Former federal MP Craig Thomson has been fined $25,000 for stealing union funds to pay for prostitutes but has avoided going to jail.
Mr Thomson, 50, was convicted of 13 counts of theft following cash withdrawals he made from a bank account belonging to the Health Services Union between 2003 and 2007 when he was the union’s national secretary.
He spent about $5000 of HSU members’ fees on escorts and sex workers and lavish meals.
In sentencing Mr Thomson on Wednesday, Victorian County Court Judge Carolyn Douglas said his spending had been indulgent and constituted a significant breach of trust.
She rejected a submission by Mr Thomson’s defence barrister Greg James that the offending was the result of “the frailties of a man away from home”.
One of the charges arose from spending on sexual services while he was at home, and one related to a $400 lunch with his wife that included a $200 bottle of wine.
“The gravity of the offending is the gross breach of trust involved,” Judge Douglas said.
“The seriousness is reflected in the continued confidence, or arrogance, of Mr Thomson in having no regard for the trust placed in him.”
She said it was not the concern of the court that he engaged sex workers, but it was the court’s concern he was using union members’ money to do so.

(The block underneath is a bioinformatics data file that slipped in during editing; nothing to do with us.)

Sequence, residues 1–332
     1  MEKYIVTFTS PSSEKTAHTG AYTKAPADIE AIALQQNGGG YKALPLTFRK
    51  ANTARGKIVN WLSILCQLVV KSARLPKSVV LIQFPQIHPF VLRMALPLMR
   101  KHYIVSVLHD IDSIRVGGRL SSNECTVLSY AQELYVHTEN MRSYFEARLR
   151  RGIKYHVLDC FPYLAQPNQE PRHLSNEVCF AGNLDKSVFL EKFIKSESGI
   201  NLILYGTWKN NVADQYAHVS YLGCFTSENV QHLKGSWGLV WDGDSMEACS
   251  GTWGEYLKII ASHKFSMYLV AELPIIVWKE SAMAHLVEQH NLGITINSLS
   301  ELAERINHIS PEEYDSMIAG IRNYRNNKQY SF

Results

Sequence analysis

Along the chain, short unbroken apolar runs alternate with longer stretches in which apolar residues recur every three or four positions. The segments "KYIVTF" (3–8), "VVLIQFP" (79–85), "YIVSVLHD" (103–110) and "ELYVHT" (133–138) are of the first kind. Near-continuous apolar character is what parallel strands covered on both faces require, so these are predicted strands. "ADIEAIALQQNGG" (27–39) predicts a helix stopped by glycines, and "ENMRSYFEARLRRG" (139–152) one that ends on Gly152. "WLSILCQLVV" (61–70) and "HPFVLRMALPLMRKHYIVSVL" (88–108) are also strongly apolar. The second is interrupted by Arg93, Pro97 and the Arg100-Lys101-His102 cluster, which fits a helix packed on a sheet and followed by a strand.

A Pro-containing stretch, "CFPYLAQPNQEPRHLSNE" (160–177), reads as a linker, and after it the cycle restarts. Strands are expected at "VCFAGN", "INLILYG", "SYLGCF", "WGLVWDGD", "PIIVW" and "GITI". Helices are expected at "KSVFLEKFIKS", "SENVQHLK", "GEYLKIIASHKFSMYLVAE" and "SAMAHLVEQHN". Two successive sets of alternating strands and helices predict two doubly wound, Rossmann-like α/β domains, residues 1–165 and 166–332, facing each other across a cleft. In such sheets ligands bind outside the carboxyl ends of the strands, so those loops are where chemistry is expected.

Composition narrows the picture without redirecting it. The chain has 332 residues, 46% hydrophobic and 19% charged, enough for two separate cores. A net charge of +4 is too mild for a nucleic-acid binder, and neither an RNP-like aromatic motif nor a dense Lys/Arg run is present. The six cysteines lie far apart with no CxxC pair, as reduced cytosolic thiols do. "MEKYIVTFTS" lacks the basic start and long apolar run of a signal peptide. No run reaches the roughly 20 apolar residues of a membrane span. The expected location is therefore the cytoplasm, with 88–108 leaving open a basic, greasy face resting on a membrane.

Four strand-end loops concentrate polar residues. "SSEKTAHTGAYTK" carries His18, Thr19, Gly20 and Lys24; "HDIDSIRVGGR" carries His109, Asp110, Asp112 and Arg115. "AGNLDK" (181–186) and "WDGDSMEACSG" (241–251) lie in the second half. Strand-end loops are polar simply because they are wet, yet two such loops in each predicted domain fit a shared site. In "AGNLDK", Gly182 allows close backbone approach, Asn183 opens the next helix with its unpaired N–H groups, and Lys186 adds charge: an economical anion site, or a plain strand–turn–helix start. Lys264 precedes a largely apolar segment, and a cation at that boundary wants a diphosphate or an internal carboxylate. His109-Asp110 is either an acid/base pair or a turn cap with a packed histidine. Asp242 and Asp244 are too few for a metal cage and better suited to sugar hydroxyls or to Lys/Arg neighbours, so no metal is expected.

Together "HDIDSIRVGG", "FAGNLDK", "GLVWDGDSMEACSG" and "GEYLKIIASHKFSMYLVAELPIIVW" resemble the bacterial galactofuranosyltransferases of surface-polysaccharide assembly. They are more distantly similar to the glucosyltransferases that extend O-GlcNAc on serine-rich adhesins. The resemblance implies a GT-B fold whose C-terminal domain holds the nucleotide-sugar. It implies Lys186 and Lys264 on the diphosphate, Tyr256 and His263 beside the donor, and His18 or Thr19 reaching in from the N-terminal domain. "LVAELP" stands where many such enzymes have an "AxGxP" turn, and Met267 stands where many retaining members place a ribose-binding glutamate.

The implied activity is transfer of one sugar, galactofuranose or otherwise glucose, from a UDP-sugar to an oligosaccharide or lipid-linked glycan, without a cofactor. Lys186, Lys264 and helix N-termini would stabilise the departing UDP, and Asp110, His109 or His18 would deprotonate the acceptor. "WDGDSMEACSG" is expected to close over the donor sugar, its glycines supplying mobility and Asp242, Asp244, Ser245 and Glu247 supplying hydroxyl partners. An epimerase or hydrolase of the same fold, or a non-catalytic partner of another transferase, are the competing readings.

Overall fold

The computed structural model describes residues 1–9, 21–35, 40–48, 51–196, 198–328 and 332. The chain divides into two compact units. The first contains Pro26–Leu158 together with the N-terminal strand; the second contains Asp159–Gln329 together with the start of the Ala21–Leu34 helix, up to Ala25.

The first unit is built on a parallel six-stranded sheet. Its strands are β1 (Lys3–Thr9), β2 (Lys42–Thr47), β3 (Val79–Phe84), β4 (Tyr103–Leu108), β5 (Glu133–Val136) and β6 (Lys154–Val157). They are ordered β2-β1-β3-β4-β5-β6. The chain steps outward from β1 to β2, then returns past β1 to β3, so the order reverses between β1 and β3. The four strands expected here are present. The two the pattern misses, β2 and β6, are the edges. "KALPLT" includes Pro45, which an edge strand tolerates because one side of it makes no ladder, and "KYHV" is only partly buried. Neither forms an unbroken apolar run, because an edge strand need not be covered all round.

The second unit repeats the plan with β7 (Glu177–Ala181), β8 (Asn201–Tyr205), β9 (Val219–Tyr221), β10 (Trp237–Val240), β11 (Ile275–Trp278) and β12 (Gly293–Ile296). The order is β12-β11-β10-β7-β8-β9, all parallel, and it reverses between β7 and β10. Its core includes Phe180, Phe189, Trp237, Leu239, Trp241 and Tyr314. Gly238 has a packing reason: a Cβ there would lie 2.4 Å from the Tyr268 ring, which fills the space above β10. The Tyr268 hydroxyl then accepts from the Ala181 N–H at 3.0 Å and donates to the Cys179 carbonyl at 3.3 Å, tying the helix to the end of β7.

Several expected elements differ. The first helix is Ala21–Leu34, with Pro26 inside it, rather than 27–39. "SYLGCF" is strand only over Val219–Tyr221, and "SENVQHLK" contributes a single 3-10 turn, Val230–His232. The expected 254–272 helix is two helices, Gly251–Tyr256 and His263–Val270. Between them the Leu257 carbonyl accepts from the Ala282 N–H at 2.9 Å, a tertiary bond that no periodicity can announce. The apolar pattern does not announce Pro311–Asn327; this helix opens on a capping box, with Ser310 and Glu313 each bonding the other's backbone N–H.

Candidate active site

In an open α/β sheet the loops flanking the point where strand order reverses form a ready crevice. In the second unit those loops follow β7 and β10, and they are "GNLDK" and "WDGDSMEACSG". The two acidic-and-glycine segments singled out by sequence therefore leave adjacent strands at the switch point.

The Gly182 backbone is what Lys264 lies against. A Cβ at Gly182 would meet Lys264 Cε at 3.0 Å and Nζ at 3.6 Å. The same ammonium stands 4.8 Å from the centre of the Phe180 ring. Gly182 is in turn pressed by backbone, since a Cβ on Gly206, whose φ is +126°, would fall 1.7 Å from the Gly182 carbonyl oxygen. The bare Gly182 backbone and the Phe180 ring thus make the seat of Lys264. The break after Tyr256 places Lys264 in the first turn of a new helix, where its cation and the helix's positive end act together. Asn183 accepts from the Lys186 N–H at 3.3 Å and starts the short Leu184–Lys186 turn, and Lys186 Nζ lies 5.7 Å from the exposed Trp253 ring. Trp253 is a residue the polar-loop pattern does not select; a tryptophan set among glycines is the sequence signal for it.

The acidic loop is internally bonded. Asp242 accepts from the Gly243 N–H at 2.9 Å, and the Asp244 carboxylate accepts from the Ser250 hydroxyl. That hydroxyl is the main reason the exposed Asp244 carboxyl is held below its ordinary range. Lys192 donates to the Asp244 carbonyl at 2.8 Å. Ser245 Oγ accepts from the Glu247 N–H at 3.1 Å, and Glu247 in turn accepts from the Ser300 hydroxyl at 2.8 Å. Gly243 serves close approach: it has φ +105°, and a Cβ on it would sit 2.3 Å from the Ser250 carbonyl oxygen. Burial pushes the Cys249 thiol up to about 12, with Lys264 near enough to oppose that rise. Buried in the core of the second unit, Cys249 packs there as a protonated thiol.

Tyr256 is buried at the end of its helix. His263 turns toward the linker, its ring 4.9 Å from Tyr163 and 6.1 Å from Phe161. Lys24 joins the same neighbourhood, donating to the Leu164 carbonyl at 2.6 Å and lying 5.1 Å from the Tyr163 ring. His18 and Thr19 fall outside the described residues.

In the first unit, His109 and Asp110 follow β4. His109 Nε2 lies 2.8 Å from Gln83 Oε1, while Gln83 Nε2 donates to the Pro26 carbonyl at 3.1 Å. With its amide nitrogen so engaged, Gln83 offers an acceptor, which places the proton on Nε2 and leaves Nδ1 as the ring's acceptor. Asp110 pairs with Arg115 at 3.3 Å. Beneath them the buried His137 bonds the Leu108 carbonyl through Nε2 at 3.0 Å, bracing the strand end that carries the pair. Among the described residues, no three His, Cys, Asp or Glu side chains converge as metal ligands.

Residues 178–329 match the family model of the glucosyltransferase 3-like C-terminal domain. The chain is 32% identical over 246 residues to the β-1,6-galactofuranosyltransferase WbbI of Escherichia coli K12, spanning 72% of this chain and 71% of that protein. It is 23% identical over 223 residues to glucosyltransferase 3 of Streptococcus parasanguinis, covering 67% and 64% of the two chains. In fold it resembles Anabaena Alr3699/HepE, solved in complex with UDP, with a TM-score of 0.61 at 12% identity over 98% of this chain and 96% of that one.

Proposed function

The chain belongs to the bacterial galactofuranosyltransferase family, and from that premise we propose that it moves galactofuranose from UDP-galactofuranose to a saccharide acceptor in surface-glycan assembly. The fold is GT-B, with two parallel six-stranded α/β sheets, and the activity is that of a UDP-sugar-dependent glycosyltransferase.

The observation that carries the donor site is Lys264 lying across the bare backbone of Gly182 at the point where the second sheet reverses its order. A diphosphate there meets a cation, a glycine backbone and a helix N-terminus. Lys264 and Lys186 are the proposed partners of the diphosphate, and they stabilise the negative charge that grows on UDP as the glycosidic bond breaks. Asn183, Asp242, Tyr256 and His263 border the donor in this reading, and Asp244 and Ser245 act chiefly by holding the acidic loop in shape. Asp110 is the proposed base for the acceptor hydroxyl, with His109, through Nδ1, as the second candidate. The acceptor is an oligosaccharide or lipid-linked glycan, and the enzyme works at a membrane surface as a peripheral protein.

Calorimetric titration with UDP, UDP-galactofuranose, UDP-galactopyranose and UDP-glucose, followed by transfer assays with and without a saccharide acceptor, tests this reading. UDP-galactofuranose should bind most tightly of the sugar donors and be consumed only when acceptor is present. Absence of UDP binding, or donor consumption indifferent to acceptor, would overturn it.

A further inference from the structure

Mr Thomson had appealed against both his 12-month jail sentence and conviction imposed by a Melbourne Magistrate earlier this year.
On Monday, he was acquitted of 49 charges of obtaining financial advantage by deception.
Judge Douglas said it was regrettable the fraud charges had not been framed correctly and reiterated she would be sentencing on the theft charges only.
She said the amount stolen was relatively small but Mr Thomson’s behaviour was nonetheless appalling.
“He is greedy,” Judge Douglas said.
During submissions on Wednesday morning Judge Douglas indicated she was considering a fine instead of jail time, but prosecutor Lesley Taylor QC called for a prison sentence, saying anything less would be manifestly inadequate.
“The moral culpability of Mr Thomson is extremely high,” Ms Taylor said.
“There is not one skerrick of remorse that Mr Thomson has demonstrated.”
Mr James said Mr Thomson’s theft of $5000 did not warrant jail time and he had been penalised already.
Mr James said media coverage of Mr Thomson’s legal battle had been “extensive and intensive” and so intrusive Mr Thomson and his wife had been unable to leave their home.
Mr Thomson has had to take out a $300,000 mortgage and sell superannuation assets to fund his defence against the charges, Mr James said.
Mr Thomson has three months to pay the $25,000 fine.
He must also pay compensation of $5650.